Archive for the 'Open Access' Category

Presentations from Throwing Open the Doors: Strategies and Implications for Open Access

Posted in Open Access on October 26th, 2009

Presentations by Tracy Mitrano and Heather Joseph from "Throwing Open the Doors: Strategies and Implications for Open Access" are now available from EDUCAUSE.

Here's an excerpt from the announcement:

n the past decade, the proliferation of Web 2.0 tools for sharing and creating knowledge, coupled with the creation of open-access journals, databases, and archives across the web, has begun to redefine the concept of "openness" in higher education. Advocates of the open-access campaign argue that free, virtual access to scholarly works and research advance scientific discovery and lead to faster knowledge dissemination and richer research collaborations, throwing open the doors that once restricted knowledge sharing and exploration. Critics of the movement have doubted its economic sustainability and raised concerns about its impact on peer review. Regardless, open access requires a new examination of campus copyright and publishing policy.

Boston University Launches Digital Common Institutional Repository

Posted in ARL Libraries, Institutional Repositories, Open Access on October 26th, 2009

Boston University has launched its Digital Common institutional repository. In February, the BU University Council approved a Scholarship, Libraries, and Open Access Archiving Initiative.

Here's an excerpt from the press release:

Boston University now has a Digital Common—a place where research and other academic materials can be stored, shared, and discovered.

The Digital Common is an example of an institutional repository, and it is yours to use. The launch comes just in time to help celebrate Open Access Week. It already contains about a thousand scholarly works, and library staff are currently working with others, such as the Philosophy Department and the School of Public Health, to add more


Podcast: Open Access—Harvard's Success Story with Robert Darnton

Posted in ARL Libraries, Open Access on October 26th, 2009

JISC has released a podcast: Open Access—Harvard's Success Story with Robert Darnton.

Here's the announcement:

In October 2008 Harvard University in the US adopted an open access policy for all its research papers to be made available in their university repository, in an opt out basis. 12 months on, since the policy was adopted, JISC's Rebecca O'Brien speaks with Professor Robert Darnton, Director of Harvard University Library and trustee of New York Public Library and the Oxford University Press (USA), about the cultural change that is taking place at Harvard and the background to why professors at the university decided to share their knowledge in this way.

Canadian Association of Research Libraries and JISC Join Confederation of Open Access Repositories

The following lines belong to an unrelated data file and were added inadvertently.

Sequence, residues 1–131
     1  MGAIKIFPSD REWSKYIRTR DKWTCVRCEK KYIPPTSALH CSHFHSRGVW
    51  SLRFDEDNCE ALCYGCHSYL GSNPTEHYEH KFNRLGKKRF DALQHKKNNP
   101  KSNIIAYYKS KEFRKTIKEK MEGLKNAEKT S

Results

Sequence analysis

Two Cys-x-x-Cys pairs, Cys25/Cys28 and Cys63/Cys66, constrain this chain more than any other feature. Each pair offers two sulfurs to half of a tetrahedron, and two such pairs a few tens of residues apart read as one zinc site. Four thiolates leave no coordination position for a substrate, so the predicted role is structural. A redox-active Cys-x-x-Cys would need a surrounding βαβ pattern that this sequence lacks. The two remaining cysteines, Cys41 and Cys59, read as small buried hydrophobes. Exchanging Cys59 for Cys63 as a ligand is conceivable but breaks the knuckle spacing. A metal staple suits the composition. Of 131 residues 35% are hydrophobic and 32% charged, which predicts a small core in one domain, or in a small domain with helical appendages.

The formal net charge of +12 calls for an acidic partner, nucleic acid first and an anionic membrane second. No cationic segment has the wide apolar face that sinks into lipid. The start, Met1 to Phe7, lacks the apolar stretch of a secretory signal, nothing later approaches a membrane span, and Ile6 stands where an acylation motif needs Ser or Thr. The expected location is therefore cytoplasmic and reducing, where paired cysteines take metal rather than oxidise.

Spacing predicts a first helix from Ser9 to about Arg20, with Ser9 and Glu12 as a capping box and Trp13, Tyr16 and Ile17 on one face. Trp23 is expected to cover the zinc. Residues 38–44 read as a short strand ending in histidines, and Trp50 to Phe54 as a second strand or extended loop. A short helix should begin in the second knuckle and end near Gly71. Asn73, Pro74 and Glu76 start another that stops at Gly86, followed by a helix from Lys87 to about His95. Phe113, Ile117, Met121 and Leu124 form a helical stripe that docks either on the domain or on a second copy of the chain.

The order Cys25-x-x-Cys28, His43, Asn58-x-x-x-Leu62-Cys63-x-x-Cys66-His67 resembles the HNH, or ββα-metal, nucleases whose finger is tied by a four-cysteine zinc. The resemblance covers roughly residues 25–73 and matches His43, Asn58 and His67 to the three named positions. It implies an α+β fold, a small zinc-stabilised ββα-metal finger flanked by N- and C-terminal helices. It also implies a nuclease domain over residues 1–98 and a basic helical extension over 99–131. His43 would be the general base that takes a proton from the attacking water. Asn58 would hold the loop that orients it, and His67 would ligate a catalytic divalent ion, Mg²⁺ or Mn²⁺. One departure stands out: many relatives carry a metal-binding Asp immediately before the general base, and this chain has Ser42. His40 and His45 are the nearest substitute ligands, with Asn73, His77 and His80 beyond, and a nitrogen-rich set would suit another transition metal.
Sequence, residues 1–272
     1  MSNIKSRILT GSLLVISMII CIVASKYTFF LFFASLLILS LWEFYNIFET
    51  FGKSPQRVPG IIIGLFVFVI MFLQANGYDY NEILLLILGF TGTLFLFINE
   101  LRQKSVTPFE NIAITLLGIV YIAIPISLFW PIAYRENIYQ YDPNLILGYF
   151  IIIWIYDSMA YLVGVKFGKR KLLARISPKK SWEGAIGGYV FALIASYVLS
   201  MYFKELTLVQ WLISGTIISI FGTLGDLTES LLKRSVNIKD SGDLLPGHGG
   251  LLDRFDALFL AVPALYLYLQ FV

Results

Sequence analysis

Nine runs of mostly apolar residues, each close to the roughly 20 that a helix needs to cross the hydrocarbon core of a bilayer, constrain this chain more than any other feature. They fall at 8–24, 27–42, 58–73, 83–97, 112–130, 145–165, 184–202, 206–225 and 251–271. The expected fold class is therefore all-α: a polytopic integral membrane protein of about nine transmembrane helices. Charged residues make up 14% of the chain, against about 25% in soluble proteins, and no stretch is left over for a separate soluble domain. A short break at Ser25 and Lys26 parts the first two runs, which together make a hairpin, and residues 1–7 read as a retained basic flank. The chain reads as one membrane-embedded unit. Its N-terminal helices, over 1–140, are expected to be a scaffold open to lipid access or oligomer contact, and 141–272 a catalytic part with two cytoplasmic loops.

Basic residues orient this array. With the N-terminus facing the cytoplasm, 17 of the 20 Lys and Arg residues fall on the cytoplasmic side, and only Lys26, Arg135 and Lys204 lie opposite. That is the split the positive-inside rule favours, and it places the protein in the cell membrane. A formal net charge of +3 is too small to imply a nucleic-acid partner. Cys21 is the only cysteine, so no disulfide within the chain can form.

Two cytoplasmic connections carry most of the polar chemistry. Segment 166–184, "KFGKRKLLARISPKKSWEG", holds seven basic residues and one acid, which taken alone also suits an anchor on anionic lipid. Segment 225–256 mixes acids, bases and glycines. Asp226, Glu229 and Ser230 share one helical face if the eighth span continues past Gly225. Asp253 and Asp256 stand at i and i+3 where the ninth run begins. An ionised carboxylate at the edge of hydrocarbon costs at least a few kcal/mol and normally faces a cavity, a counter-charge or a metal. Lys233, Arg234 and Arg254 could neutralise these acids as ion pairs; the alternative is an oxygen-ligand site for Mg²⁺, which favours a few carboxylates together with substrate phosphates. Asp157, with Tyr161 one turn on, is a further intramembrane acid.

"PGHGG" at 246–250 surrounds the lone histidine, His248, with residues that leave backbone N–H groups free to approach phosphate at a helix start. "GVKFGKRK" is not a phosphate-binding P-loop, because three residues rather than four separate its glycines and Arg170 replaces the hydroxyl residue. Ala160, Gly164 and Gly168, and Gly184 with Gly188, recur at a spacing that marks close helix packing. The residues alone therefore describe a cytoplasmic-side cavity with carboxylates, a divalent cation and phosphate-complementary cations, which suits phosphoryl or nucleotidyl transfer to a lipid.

Posted in Digital Repositories, Institutional Repositories, Open Access on October 25th, 2009

Both the Canadian Association of Research Libraries (CARL) and JISC have joined the Confederation of Open Access Repositories (COAR) as founding members.

Here's an excerpt from the CARL press release:

On October 21, CARL became a founding member of the Confederation of Open Access Repositories (COAR). COAR is an international association of organizations that have a common strategic interest in open access to scholarly communication. COAR was formed out of a need to work together at the international level to promote greater visibility and application of research outputs through global networks of open access digital repositories.

Canadian Association of Research Libraries (CARL) has played a leadership role in the development of open access repositories in Canada. Through the CARL Institutional Repositories Program, the Association has assisted its members in setting up repositories on their campuses; and worked with other research organizations in Canada and internationally in support of open access. Participation in COAR is a natural extension of these activities. "We are delighted to announce our membership in COAR," said Tom Hickerson, chair of the CARL Institutional Repositories Working Group and Vice-President/President-Elect of CARL. "COAR membership offers CARL and Canadian research libraries the opportunity to have a greater influence on the direction and expansion of open access world-wide"

Here's an excerpt from the JISC press release:

Taking inspiration from the European DRIVER repositories project, which helps to enhance repository development, COAR takes this vision to an international scale; founding members of the Confederation include members from North America, China and Japan, as well as Europe. . . .

Neil Jacobs JISC's programme manager for digital repositories says, "JISC's work over the past few years in encouraging the growth of institutional repositories means that the UK now has a virtually unparalleled network of repositories that covers almost all of the research-base of UK higher education."